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Expert Answers to Biz Questions

Listen in! Pick up some expert advice to a reader's question that we selected from CyberSchmooz.

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The Biz Question

My partner and I are going online with our T-shirt company. Our age demographic is between 14 and 29. Our products tend to appeal to kids involved in skateboarding, comic books and that type of thing.

We were thinking of posting a marketing survey to related newsgroups, to indirectly promote our company and to feel out our potential customers. We plan to have a giveaway for anyone who fills out our questionnaire.

How can we word our posts so they don't look like spam and so that we get responses to our marketing survey??

Any ideas would be very much appreciated...

Andrea

Answer from our Guest Expert Jim Chesky of Jim Chesky & Associates, Marketing Communications

Andrea:

I like what you're proposing. An on-line T-shirt company sounds like a tasty endeavor. It's the kind of idea that can do well on the web. Also, I like using newsgroups to promote your biz. It's a great place to do market research. However, this marketing dish can be a sticky wicket. So prepare your postings carefully. Just as all mass, non-requested commercial mailings are called junk mail in the snail-mail world, mass, indiscriminate commercial postings are considered spam online.

No Matter How Mom Cooked It -- It Was Still Spam!

I came from a large family, and my mother needed to make every dollar stretch. So, she bought the canned meat product -- Spam. It was not our favorite thing. And Mom was extra creative in preparing the Spam. She'd mix and mince it, cover it, coat it and cook it a hundred different ways. But in the end, it was still Spam.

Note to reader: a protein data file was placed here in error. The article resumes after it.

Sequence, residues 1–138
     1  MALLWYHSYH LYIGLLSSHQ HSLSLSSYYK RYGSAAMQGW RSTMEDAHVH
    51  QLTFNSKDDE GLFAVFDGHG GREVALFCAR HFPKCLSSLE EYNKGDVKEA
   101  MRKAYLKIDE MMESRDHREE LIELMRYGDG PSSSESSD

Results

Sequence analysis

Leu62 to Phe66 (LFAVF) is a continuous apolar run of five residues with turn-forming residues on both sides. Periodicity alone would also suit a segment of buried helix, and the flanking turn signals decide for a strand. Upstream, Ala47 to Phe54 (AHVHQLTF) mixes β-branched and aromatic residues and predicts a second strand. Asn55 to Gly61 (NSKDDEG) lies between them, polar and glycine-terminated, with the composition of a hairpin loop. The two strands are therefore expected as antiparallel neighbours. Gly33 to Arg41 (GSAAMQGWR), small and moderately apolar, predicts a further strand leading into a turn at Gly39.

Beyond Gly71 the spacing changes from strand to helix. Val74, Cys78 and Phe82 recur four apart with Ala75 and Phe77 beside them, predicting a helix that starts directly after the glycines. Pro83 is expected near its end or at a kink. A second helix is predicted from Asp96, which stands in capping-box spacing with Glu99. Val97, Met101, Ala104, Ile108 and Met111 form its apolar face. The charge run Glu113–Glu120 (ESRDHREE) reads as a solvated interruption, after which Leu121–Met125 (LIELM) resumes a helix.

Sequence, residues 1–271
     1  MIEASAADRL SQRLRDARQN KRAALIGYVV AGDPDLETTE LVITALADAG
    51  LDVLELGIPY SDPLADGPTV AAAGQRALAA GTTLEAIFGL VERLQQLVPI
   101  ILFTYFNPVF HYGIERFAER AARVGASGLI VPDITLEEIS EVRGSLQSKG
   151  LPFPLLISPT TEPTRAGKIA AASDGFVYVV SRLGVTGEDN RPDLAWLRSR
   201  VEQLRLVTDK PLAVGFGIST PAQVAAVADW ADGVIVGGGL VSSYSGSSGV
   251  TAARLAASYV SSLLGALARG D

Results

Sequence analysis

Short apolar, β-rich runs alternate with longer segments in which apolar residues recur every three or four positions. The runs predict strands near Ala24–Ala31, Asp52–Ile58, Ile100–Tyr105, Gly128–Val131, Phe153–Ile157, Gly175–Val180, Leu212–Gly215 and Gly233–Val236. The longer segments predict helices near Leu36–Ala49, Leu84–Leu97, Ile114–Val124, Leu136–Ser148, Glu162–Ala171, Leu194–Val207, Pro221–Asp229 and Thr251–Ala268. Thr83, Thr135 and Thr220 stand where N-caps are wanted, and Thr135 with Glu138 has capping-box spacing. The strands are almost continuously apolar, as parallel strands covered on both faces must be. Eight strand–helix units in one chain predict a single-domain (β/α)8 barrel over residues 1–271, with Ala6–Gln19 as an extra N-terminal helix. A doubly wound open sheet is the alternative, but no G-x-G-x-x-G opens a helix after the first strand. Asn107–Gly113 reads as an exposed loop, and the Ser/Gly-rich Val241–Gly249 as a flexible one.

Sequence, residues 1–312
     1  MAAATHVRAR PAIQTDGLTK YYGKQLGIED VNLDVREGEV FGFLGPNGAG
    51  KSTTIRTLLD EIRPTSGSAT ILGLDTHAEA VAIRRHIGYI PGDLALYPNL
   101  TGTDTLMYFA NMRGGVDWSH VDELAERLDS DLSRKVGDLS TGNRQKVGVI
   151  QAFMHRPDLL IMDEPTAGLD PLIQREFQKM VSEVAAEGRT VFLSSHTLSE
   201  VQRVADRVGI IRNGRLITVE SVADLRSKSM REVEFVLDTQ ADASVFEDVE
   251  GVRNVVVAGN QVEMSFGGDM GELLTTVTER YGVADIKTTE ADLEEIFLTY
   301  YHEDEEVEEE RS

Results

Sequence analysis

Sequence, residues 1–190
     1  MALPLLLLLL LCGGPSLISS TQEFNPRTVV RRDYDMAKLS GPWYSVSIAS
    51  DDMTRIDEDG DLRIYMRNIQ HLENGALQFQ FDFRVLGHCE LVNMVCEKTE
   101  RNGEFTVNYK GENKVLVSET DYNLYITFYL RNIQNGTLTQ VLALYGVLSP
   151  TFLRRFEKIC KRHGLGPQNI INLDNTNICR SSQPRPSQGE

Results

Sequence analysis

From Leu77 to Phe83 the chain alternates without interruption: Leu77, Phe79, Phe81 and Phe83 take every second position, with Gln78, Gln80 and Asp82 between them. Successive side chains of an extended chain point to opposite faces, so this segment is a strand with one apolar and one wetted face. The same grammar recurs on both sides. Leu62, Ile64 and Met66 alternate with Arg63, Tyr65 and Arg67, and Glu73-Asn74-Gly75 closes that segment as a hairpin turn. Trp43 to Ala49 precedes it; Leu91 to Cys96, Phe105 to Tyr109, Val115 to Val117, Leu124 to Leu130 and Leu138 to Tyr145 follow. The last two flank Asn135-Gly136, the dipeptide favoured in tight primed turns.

Moral of the Story: No matter how you write an intrusive commercial message for a newsgroup, unless the message is germane to the newsgroup discussion, it's spam (the non-meat variety). So here are some tricks of the trade to avoid the spam pitfall.

Send Out An Invitation First and Deliver The Beef!

Make sure your posting is relevant to the newsgroup. There's a way to serve this up without upsetting anybody's stomach -- and maybe even make your website a place for your target market to hang out to boot. Start by inviting people to your website in a manner that's appropriate for the newsgroup.

Let's say the newsgroup is a skateboard group. You could invite readers to vote for their favorite board, skate boarder (male and female), or whatever seems be the hot topic du jour. And mention your offer of prizes for those who vote. Make it worth while for them to visit your site. Place a hot link in your posting (no cookies please) that takes them to a survey page. Add your own questions to the survey.

Now, you have a legitimate reason to re-post. You can then update the newsgroup with the results as they are tallied. This could be done daily if the newsgroup supports that much traffic. Each report on the survey results includes an invitation for the readers to add their vote, and maybe win your prize offerings. Do a different survey page for each newsgroup with hot links to the T-shirt end of your site.

Later, depending on how successful you are and how much money you want to sink into your site, you could add a chat room, with your home page as the portal to the chat room. Each day, the subject is what interests one of the target newsgroups. Again, you have a legitimate reason to post.

Give Them 100% USDA-Approved Meat -- Not Spam!

The key here is to write and send each post individually. Time-consuming, yes, but remember you're trying to cook up a successful web enterprise. Mass, indiscriminate postings to many newsgroups is the same as sending out 10,000 pieces of mail, all addressed to "Occupant."

Good luck with your business, and keep us posted.

Jim Chesky of Jim Chesky & Associates, Marketing Communications

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